Design by Jemina Garcia
Trigger warning: Mentions of sexual violence
On May 6, 2020, Education Secretary Betsy DeVos publicly released plans for reforming Title IX regulations that will weaken protections for survivors and increase the rights of the accused to due process. Barring any significant opposition, the rule will take effect on August 14 — making it harder for survivors who come forward to receive adequate protection from those they accuse. Across the United States and within UCLA, administrations and social justice organizations are mobilizing to mitigate the damage of these new guidelines, but severe consequences loom. As COVID-19 devastates schools and DeVos further uses the crisis to exacerbate inequality across America’s public education system, the Trump administration’s decision to continue reducing the rights of students facing sexual harassment and violence is unacceptable.
In a 2019 article, FEM writer Jenna Walsh wrote a cogent, accessible guide that laid out DeVos’s initial proposed changes, which would detrimentally affect survivors of sexual violence. Without regurgitating everything Walsh already competently outlines, the main points of DeVos’ revisions to Title IX are that she seeks to heighten the standard of evidence survivors must submit to pursue legal protections against the accused and aid the accused so as to facilitate more direct confrontation with the survivors, such as allowing the former to cross-examine the latter. In the revision period until this May, some of the harshest proposed changes have half-heartedly incorporated some mitigations: survivors may request to be cross-examined in separate rooms from the accused instead of directly in front of them. A garishly named “rape shield” also now allows survivors to keep their medical and psychological records private. These changes are paltry victories that activists have bitterly fought for, which do not offer any real trauma-informed protections and spit in the face of survivors who have worked hard to regain their confidence and credibility after being taken advantage of.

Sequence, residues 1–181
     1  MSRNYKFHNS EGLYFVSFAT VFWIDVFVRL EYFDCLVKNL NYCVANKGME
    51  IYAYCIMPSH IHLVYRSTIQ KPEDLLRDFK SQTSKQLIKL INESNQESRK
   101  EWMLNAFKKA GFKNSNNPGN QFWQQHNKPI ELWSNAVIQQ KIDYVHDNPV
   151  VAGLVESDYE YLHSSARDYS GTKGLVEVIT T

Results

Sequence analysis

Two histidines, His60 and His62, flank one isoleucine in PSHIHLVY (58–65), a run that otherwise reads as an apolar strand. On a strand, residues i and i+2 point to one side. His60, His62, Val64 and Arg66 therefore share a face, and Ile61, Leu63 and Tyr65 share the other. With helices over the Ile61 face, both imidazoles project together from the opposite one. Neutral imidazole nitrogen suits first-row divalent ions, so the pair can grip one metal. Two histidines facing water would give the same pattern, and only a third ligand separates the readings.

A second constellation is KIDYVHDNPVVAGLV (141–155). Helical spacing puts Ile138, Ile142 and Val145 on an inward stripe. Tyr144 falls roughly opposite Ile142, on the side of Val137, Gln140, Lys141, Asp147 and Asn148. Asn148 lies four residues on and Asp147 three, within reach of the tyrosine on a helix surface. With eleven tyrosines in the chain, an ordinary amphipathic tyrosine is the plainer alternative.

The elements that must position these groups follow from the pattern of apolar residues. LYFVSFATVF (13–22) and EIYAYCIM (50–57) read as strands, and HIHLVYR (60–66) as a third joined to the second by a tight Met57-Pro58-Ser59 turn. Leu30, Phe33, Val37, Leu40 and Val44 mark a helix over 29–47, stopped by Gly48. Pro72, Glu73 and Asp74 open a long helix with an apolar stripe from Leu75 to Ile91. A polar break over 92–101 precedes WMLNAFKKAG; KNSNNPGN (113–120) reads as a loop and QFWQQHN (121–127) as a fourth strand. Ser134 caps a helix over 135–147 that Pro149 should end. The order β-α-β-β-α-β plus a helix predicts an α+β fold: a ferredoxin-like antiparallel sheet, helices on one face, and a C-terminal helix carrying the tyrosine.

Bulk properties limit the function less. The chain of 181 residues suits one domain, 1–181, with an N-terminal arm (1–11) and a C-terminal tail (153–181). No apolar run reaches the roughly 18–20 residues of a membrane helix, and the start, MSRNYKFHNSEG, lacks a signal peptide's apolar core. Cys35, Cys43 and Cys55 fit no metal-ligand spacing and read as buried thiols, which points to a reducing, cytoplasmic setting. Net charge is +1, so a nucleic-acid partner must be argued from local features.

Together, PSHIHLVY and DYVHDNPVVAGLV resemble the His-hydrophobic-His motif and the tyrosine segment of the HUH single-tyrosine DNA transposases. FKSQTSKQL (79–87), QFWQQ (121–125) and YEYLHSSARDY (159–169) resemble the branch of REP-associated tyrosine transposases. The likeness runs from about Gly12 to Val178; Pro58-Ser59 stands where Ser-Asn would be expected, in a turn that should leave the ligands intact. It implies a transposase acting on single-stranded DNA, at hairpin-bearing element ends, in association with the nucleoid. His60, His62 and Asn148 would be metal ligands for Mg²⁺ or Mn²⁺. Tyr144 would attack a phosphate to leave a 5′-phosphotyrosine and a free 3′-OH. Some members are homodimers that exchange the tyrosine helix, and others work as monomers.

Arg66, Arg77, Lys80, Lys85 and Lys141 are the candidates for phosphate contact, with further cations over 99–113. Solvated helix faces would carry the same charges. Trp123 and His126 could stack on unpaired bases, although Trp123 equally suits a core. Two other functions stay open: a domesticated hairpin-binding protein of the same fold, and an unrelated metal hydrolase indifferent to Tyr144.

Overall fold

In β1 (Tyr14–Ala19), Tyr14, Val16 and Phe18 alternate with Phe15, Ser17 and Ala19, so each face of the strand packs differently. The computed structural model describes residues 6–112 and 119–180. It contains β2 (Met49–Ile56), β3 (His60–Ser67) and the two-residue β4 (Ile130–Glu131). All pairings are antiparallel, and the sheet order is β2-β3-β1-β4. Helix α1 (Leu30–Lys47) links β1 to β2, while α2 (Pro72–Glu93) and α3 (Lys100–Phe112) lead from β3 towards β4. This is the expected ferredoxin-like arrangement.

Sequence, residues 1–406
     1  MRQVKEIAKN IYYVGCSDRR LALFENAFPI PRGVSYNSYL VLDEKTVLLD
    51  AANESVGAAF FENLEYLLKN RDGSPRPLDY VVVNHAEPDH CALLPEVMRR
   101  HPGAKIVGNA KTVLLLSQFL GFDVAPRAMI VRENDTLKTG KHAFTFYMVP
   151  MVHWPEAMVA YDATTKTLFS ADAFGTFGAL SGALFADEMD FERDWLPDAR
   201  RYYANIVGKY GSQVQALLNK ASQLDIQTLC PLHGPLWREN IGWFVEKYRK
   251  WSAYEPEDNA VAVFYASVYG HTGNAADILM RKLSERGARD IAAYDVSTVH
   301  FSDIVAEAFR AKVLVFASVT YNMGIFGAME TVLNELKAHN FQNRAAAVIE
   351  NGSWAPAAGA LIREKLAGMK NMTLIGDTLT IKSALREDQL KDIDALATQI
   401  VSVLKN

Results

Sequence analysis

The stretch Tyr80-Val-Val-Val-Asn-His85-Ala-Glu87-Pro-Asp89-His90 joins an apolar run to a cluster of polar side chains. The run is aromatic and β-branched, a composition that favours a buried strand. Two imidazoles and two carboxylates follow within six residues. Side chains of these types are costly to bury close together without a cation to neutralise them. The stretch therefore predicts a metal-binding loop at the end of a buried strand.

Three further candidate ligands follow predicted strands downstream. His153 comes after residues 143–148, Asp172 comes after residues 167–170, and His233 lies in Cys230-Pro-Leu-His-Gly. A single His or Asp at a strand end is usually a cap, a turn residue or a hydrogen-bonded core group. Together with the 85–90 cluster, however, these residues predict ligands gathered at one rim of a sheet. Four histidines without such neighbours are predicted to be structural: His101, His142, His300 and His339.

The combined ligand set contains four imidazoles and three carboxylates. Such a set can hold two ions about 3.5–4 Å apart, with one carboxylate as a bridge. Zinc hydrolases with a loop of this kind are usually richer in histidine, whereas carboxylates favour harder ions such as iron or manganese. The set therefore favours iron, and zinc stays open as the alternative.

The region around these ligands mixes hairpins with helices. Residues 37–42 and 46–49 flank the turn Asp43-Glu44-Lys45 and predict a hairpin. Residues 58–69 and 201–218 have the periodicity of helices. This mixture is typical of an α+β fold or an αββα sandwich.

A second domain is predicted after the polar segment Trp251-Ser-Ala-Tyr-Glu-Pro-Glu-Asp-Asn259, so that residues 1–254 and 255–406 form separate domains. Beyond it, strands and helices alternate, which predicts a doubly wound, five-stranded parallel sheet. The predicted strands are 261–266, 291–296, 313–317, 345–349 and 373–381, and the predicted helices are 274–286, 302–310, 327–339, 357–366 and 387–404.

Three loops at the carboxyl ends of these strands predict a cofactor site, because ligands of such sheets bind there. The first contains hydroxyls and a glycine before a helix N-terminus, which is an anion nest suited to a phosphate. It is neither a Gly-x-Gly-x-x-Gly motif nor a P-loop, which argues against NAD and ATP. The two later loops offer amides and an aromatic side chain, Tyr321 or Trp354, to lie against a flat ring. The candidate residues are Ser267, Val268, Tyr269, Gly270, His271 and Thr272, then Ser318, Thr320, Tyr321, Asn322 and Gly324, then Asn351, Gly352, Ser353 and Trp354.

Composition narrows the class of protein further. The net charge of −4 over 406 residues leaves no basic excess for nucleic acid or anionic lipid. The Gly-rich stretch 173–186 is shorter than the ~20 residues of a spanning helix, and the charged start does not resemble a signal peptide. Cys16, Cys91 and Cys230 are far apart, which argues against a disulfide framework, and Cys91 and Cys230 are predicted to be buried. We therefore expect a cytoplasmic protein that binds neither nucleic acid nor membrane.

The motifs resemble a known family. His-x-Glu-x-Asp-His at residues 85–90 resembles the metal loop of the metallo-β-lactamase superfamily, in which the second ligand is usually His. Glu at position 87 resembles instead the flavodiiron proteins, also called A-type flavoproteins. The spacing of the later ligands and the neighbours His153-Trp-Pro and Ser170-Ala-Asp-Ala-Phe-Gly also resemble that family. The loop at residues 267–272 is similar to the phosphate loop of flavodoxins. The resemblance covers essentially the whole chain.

Among some of the most harmful Title IX repercussions to school safety are increased opportunities to ignore and mistreat survivors, unfair investigative procedures like the live cross-examinations previously mentioned, other harmful responses that can coerce students into mediations with the accused, and no requirements for notice of religious exemptions — all changes that have prompted advocacy organizations to sue DeVos [National Women’s Law Center (NWLC)]. According to Elizabeth Tang at NWLC, DeVos’s “explicit goal is to ‘reduce’ the number of sexual harassment investigations in schools […] by making it harder for victims to come forward, ensuring many are ignored when they ask for help, and subjecting them to policies that favor their rapist or abuser at every turn.” DeVos’ changes undermine the spirit of Title IX, which was enacted to prohibit discrimination on the basis of sex in schools — by shifting the burden of proof from rapists and rape apologists to survivors, who must, with even fewer protections and in spite of their trauma, reassert that they matter and deserve protection.
Betsy DeVos, a billionaire who has seemingly no background in pedagogy, curriculum, or school governance, has nonetheless served as the U.S. Education Secretary for the last two years — and America’s public schools are all the poorer for it, literally and educationally. In a role that has the power to champion students and push for equitable opportunities in education, DeVos has instead massively defunded and ripped apart the department to forward an ignorant and prejudiced agenda that favors the rich, white-centric, creationist-Catholic curriculum she was brought up by. Her changes to Title IX regulations represent some of her most ignorant, most damaging work yet, based on the false perception that survivors shouldn’t be ‘blindly’ believed when there are enough barriers to justice to contend with already. Rather than protecting students who have every right to a safe education, DeVos’s new rules pit students against their abusers in a system that already leaves most survivors too afraid to come forward.